November 20, 2007: In a milestone for iTunes movie distribution, Purple Violets becomes the first feature film to launch exclusively on Apple’s platform.
A romantic comedy directed by Edward Burns, Purple Violets stars Selma Blair, Debra Messing and Patrick Wilson. With limited offers from Hollywood’s traditional players, the filmmakers pin their hopes on iTunes distribution as an alternative way to get their movie in front of viewers.
November 6, 2003: After porting iTunes to Windows, Apple sets a new record for digital music sales: a massive 1.5 million downloads in one week.
Bringing iTunes to PC users opens up a new, lucrative market for Apple. The record-breaking sales clock in at five times more than the 300,000 downloads Napster (remember it?) achieved in its debut week. And 1.5 million is double the 600,000 iTunes downloads per week Apple reported selling to Mac users prior to the Windows release.
October 31, 2005: Less than three weeks after launching video downloads with iTunes 6, Apple reveals that it has already sold more than 1 million music videos.
Apple’s dive into the online digital video market — with 2,000 music videos, Pixar short films and a selection of hit TV shows for $1.99 — looks like the logical next step after selling individual songs on iTunes. Passing the 1 million download benchmark so quickly suggests the plan is a roaring success.
Editor’s note: Today marks the 20th anniversary of the iPod, the humble digital music player that reshaped Apple. To mark the occasion, Cult of Mac updated its illustrated history of the iPod — put together to celebrate the device’s 10th anniversary, and originally published on Oct. 22, 2011.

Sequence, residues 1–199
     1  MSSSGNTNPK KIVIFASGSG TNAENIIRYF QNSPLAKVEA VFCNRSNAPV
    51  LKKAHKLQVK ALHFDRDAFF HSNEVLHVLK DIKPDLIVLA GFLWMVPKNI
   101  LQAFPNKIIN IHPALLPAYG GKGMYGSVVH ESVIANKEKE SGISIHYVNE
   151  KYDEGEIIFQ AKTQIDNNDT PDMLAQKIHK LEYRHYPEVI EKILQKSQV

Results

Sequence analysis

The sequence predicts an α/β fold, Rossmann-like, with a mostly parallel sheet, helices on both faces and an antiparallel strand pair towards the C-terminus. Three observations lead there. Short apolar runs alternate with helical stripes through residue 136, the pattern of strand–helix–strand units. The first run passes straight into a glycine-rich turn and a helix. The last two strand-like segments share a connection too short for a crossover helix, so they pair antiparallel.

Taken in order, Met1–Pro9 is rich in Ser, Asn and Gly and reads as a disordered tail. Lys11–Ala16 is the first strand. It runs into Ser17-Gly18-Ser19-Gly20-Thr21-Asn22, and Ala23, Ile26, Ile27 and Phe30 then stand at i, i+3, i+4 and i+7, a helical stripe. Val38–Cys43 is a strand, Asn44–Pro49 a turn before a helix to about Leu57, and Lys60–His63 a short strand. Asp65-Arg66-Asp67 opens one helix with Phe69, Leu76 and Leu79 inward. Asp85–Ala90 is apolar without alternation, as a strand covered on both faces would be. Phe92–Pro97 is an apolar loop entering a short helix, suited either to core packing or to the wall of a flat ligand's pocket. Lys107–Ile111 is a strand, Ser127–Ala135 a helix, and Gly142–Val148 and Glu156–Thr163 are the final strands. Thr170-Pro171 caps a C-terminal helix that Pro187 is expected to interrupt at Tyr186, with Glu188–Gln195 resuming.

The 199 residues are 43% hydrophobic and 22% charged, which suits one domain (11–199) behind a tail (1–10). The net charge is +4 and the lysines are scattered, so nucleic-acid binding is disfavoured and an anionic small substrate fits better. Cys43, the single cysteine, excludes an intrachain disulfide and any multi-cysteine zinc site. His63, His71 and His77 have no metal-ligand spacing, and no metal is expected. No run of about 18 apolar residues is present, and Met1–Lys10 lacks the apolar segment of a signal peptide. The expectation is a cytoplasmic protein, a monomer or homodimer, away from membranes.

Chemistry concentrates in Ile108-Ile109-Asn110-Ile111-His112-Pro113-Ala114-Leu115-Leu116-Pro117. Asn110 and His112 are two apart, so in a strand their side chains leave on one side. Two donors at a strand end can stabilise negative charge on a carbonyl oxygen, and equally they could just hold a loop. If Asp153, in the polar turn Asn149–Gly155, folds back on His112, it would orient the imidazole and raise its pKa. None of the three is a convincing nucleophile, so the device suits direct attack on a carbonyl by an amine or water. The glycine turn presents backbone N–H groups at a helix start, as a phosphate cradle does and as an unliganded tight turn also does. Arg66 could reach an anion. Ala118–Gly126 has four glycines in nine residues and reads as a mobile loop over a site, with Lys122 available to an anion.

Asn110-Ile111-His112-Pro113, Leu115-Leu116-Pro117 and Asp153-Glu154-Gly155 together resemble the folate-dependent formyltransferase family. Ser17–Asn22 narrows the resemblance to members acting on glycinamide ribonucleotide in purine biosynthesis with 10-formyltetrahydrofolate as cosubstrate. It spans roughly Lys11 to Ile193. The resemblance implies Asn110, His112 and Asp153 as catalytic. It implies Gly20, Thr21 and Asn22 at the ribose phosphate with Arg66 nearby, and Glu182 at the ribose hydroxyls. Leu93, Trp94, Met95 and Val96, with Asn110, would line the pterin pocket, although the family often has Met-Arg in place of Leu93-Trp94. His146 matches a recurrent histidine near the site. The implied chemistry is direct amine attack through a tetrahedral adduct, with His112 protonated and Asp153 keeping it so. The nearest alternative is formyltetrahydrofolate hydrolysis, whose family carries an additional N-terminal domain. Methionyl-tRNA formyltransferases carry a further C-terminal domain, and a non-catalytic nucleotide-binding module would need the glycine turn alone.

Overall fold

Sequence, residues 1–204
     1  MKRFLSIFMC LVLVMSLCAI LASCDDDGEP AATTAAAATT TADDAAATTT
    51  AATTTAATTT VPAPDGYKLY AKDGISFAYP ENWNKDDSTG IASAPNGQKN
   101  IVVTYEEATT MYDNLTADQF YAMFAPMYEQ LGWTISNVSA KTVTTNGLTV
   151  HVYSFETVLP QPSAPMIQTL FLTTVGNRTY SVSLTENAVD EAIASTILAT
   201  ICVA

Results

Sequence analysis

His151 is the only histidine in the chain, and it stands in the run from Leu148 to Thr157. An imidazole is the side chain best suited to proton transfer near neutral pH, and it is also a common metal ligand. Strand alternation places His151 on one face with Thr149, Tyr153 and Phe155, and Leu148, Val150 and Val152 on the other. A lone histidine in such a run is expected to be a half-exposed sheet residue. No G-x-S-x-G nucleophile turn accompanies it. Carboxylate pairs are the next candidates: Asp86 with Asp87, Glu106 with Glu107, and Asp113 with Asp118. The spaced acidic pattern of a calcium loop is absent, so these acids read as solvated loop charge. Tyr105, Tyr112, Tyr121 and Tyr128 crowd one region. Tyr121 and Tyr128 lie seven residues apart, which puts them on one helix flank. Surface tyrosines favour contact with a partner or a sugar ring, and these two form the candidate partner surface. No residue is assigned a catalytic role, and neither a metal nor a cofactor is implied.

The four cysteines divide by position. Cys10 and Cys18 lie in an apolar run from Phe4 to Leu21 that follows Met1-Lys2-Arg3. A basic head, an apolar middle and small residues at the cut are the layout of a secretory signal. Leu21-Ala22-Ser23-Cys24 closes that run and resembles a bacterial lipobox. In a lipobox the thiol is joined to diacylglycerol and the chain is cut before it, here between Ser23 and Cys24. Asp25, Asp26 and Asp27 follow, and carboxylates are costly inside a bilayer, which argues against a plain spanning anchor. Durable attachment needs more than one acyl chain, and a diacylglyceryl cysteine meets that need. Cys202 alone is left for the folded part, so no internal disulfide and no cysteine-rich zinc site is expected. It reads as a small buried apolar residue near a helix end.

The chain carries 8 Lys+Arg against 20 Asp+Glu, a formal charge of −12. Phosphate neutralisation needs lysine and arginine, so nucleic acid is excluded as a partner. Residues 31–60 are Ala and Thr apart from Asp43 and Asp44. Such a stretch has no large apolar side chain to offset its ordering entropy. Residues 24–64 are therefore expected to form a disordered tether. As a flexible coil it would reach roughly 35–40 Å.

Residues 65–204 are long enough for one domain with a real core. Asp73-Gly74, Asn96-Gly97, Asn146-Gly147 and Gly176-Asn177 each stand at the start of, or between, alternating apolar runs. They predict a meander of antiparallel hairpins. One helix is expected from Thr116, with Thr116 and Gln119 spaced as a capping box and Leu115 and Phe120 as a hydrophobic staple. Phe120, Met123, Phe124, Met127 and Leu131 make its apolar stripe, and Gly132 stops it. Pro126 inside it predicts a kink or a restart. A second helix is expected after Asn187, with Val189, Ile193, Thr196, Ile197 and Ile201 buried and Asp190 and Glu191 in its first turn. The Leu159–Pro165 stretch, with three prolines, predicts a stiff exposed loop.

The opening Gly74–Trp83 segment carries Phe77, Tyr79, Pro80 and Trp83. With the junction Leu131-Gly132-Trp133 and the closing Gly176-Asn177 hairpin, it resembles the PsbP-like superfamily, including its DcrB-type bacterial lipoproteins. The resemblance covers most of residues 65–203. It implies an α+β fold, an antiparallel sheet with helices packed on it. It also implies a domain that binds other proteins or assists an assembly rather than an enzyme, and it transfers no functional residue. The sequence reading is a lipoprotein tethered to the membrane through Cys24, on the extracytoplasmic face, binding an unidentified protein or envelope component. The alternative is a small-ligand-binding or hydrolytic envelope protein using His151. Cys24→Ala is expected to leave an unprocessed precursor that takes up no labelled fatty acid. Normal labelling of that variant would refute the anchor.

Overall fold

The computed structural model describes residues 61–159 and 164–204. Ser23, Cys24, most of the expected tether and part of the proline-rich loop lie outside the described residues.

An Illustrated History of the iPod
The iPod grew out of Steve Jobs’ digital hub strategy. Life was going digital. People were plugging all kinds of devices into their computers: digital cameras, camcorders, MP3 players.
The computer was the central device, the “digital hub,” that could be used to edit photos and movies or manage a large music library. Jobs tasked Apple’s programmers with making software for editing photos, movies and managing digital music. While they were doing this, they discovered that all the early MP3 players were horrible. Jobs asked his top hardware guy, Jon Rubinstein, to see if Apple could do better.
September 24, 2009: Apple lawyers head to court to defend the company against rapper Eminem’s music publisher, Eight Mile Style.
The lawsuit alleges that Apple unlawfully sold 93 of Eminem’s songs on the iTunes Music Store. This is the second time Apple finds itself on the opposite side of a courtroom from the Detroit rapper. (A previous lawsuit involved improper use of Eminem’s hit single “Lose Yourself” in an iTunes ad.)
Apple rolled out a new version of iTunes for Windows on Monday alongside iOS and iPadOS 15, but it should be avoided at all costs if your system isn’t set up in English. iTunes no longer works under any other language.
The problem seems to affect the version 126.96.36.199 version of iTunes no matter where it’s downloaded from — the Microsoft Store or directly from Apple — which means it’s not currently possible for some users to sync their devices.